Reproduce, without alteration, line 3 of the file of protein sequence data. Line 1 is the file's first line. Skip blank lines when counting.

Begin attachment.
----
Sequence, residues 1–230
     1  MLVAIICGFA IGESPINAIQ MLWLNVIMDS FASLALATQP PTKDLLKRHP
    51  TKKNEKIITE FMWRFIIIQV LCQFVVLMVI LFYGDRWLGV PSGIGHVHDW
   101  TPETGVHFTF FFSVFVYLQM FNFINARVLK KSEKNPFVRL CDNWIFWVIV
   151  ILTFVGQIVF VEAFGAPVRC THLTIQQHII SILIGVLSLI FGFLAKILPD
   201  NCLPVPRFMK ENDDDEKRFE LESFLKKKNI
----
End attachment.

    51  TKKNEKIITE FMWRFIIIQV LCQFVVLMVI LFYGDRWLGV PSGIGHVHDW